CS: Ah. The James Frey problem.

AK: Yes. But as the book becomes alive, and the novelists can write more factually...

JM: I'm not sure that this concern isn't a very recent development as well, created by the industry to shelve books in bookstores and to disseminate books in the trade, and then inflated to another kind of discussion?

CS: Look at the difference between how a library shelves books, how serious fiction as a category exists in bookstores but not in libraries.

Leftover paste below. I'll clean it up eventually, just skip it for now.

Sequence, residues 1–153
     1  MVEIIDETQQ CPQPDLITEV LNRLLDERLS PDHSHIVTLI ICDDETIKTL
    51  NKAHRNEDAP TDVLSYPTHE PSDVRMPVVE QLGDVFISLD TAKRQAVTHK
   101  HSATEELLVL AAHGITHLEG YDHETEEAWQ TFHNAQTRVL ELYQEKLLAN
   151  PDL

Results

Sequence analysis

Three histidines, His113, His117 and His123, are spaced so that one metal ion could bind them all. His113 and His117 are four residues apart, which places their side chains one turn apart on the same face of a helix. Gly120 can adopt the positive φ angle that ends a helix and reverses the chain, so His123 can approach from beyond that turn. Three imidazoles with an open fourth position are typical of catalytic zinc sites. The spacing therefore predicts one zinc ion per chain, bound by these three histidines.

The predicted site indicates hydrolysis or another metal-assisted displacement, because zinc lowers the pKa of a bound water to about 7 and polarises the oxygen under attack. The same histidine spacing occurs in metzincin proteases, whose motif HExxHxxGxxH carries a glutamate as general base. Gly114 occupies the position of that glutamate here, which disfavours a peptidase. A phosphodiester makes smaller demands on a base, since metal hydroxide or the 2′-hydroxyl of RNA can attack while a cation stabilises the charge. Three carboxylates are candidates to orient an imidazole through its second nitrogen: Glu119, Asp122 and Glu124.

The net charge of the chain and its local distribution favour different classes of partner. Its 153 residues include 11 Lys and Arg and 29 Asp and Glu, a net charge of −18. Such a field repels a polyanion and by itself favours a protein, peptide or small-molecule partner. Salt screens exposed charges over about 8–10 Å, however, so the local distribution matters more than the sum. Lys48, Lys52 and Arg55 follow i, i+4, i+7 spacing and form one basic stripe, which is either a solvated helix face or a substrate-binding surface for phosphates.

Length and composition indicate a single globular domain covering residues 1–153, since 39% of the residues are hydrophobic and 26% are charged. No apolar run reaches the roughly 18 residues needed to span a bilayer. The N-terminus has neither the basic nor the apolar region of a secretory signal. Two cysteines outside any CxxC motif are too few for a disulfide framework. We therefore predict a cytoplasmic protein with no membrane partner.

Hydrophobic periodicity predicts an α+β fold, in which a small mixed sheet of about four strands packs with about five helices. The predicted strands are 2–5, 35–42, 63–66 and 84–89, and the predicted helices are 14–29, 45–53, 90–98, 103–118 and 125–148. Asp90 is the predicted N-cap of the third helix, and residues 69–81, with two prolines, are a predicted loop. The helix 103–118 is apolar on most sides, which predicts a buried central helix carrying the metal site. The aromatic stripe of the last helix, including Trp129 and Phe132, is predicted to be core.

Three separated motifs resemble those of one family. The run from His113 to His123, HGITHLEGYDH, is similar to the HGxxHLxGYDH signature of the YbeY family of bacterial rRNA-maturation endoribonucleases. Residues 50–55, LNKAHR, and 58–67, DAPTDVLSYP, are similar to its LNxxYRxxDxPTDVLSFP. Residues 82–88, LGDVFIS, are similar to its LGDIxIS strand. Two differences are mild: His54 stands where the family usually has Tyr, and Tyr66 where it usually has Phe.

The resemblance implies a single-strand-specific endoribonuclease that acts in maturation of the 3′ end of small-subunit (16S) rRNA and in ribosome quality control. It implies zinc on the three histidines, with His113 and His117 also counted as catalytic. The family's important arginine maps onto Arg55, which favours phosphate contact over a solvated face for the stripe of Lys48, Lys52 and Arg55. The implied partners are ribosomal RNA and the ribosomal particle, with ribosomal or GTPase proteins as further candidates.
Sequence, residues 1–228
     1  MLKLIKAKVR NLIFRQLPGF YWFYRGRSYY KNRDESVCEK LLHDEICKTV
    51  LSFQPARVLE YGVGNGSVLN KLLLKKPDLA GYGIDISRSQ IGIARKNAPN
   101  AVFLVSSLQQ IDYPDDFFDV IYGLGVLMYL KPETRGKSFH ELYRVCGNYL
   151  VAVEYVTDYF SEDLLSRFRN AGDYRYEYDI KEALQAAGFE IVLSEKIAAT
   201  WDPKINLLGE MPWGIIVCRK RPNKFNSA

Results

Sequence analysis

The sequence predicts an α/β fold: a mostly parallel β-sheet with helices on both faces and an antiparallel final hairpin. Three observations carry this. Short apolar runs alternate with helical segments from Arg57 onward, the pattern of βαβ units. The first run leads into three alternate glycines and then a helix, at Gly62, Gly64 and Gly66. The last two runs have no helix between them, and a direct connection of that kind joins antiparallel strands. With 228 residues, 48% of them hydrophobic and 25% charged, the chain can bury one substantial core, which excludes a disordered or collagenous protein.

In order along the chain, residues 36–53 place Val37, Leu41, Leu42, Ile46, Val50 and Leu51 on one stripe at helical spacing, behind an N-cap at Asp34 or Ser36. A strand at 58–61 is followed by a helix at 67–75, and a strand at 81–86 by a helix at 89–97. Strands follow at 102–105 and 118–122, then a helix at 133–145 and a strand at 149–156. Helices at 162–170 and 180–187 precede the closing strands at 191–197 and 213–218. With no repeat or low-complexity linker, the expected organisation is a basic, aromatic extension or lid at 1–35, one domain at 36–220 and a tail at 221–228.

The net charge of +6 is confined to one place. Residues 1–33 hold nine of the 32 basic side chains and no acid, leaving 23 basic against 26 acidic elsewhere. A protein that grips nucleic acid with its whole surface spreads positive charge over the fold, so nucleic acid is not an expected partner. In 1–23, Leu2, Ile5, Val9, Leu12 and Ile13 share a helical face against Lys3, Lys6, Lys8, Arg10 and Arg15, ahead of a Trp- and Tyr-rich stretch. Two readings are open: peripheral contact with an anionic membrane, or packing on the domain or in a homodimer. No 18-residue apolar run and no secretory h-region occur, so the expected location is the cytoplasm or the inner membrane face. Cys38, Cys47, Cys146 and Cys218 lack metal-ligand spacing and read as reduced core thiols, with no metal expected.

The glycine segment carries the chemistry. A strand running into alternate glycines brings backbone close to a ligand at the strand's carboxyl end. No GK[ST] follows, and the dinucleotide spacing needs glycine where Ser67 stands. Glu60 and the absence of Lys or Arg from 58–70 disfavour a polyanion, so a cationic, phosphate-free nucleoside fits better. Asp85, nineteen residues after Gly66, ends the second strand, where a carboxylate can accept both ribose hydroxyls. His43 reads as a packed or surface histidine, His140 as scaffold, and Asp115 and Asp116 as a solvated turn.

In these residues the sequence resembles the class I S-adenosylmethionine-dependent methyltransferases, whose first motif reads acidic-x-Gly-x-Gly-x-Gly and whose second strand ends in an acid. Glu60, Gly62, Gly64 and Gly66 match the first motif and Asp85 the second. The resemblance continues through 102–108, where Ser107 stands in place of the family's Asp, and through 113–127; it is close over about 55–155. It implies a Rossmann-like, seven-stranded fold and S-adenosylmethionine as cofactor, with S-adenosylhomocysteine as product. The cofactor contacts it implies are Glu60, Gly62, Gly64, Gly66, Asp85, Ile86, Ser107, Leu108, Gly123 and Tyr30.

JM: If we go back to Dickens again, there's a combination journalistic and storytelling impulses. Our obsession with whether a memoir is true or a novel is based on real events-in any interview you hear with a novelist, the interviewer is general asking again and again the same question of the author: "Did this really happen to you?" We don't-we can't-observe those boundaries in our imaginative lives as clearly as the industry or the media does, or wants to.